With its vast expanses of shallow waters and wetlands, the Chesapeake Bay is a waterfowl magnet. It’s situated along the Atlantic flyway and migrating birds often stop or winter here en route from their northern summer breeding grounds.
The diversity of species and sheer numbers in the past created a tradition of waterfowl hunting. This tradition also produced one of the Bay’s loveliest folk art forms—decoy carving. Hunters made decoys to draw real birds within shooting range. Eventually, the carving itself became art, and what were humble working decoys are now sought after collectibles worth thousands of dollars.
This tour lets visitors examine the art and evolution of decoy carving, then travel to a remote refuge to mingle with the birds.
3 Ninth Street
Crisfield, MD 21817
In the pantheon of Chesapeake Bay decoy carvers, few stand out more boldly than Lem and Steve Ward. The brothers, both barbers from Crisfield, learned to carve (and barber) from their father, L. Travis Ward, Sr. At first, the brothers carved decoys for local hunters. But their birds eventually gained a following all over the Bay. Collectors now pay tens of thousands of dollars for them.
Today, you can walk into their workshop and see it as they did; their desk, chopping block, saws, paints and tools are intact. Visitors can observe two master carvers continue the traditions and techniques.
The Ward Museum of Wildfowl Art
Salisbury, MD 21804
When decoys began moving from the marshes to mantles, their purpose and value shifted from that of working tools to coveted collectibles. This museum, about an hour northeast of Crisfield, studies that evolution. It also explores the history of waterfowling and decoy carving. Today, carvers create decoys of astonishing detail that are truly a fine art, but their roots are in the Bay’s waterfowling tradition that produced working birds.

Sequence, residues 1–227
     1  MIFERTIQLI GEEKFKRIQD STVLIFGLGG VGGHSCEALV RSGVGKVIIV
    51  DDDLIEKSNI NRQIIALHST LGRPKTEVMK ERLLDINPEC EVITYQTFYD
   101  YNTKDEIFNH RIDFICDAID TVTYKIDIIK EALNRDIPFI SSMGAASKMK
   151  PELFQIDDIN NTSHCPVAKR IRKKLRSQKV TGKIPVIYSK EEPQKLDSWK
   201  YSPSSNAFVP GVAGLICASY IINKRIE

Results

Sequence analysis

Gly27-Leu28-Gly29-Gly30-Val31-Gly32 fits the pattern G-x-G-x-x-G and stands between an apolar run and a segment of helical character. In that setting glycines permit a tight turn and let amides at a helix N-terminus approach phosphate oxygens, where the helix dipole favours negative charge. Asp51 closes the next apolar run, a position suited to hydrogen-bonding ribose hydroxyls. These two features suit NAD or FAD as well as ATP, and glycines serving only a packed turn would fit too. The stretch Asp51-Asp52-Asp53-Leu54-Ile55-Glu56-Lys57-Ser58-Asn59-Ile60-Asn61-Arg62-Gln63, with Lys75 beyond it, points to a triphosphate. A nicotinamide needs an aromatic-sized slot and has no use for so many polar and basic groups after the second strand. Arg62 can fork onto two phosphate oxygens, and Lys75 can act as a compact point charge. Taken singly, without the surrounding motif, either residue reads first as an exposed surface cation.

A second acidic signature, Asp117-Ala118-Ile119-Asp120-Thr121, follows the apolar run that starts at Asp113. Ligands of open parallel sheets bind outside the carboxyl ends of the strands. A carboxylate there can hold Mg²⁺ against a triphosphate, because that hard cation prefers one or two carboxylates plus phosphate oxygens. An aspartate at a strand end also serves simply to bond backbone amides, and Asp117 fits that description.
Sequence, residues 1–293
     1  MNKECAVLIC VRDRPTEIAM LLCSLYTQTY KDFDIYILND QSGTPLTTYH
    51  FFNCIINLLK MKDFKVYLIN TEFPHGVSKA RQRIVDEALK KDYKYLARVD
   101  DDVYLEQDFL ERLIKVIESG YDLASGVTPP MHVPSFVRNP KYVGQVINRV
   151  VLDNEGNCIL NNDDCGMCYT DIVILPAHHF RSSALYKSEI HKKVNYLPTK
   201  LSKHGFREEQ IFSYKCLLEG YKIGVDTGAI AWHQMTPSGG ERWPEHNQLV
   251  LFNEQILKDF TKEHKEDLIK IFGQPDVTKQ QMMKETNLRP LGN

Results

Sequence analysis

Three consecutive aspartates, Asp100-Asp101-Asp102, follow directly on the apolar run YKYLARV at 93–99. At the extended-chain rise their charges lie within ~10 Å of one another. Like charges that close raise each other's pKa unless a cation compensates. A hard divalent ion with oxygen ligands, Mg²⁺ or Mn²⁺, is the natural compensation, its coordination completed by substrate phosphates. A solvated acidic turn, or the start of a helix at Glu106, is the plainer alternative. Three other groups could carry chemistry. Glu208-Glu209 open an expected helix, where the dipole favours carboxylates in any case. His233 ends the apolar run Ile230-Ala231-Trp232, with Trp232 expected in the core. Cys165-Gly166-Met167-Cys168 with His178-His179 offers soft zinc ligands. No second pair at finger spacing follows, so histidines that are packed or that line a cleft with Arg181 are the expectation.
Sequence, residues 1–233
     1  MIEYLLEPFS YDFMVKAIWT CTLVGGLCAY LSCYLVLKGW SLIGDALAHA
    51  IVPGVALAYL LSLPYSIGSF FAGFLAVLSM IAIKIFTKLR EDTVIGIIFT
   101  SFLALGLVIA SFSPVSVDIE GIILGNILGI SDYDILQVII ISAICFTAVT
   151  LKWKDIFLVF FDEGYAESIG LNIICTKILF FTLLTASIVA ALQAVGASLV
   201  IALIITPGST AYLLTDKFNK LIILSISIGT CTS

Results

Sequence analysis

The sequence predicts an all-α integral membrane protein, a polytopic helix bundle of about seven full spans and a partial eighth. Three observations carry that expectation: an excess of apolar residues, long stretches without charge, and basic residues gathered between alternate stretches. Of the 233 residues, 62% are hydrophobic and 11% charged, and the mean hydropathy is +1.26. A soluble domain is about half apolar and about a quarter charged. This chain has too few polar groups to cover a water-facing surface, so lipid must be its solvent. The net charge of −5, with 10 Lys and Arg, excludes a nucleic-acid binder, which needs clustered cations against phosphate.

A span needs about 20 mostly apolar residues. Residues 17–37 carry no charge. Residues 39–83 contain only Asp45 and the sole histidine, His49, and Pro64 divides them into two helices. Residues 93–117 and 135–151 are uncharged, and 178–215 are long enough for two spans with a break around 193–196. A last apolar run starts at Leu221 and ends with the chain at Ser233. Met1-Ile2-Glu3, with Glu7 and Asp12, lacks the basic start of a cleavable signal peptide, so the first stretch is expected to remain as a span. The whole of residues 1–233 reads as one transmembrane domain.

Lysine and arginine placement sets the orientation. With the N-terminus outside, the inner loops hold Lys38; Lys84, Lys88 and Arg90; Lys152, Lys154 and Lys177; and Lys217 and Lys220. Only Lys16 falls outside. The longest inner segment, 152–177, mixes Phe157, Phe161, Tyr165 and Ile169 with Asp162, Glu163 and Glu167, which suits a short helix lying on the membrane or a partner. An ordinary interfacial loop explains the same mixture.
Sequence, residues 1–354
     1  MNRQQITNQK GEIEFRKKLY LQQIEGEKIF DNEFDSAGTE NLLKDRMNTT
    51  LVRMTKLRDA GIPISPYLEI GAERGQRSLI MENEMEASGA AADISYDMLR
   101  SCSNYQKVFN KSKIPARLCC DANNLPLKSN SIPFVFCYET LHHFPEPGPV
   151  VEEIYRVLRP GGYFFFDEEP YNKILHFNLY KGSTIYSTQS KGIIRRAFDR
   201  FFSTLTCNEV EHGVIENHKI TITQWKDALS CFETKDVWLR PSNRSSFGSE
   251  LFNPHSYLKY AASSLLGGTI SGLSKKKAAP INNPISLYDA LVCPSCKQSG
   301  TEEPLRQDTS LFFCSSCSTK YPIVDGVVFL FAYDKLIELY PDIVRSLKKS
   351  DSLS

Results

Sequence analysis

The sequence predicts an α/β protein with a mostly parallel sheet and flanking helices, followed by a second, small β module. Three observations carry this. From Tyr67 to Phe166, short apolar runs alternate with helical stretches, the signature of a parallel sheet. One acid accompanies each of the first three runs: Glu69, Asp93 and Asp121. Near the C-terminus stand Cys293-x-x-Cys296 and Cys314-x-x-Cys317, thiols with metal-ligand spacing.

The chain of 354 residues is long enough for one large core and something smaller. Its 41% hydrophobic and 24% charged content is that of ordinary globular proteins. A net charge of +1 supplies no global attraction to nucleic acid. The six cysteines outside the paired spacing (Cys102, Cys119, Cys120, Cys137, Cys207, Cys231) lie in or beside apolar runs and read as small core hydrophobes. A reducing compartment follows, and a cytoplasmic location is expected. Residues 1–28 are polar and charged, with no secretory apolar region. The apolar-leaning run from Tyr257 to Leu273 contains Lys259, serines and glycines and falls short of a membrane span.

The galleries here let you examine the form, function and homespun beauty of a bluebill drake by the Ward brothers, then marvel over the lifelike delicacy of a flock of sanderlings—a winner in the museum’s annual world championship carving competition. Carvers around the Bay created different decoys for varied hunting conditions, and placed their own personal flair and style into their birds.
This museum’s extensive collection also lets you study in detail those variations and begin to understand how they came about.
Blackwater National Wildlife Refuge
Cambridge, MD 21613
Despite the proximity of major cities, the Bay still harbors places where you can immerse yourself in wilderness. This refuge, about an hour’s drive northwest of Salisbury, is one of those.
Among waterfowl, the Bay has four types: diving ducks such as canvasbacks and ruddy ducks; dabblers such as black ducks; geese; and swans. All are represented in this refuge’s 26,000 acres of remote tidal marshland. Here, it is possible to watch the autumn arrival of some 30,000 Canada geese, examine the intricate beauty of a pintail, or a blue- or green-winged teal, and listen to the peculiar creak of tundra swans’ wings as flocks of them pass overhead.
Amid the silence of the spindly pines and marshy meadows, it’s possible here to imagine the Bay and its waterfowl as they co-existed centuries ago.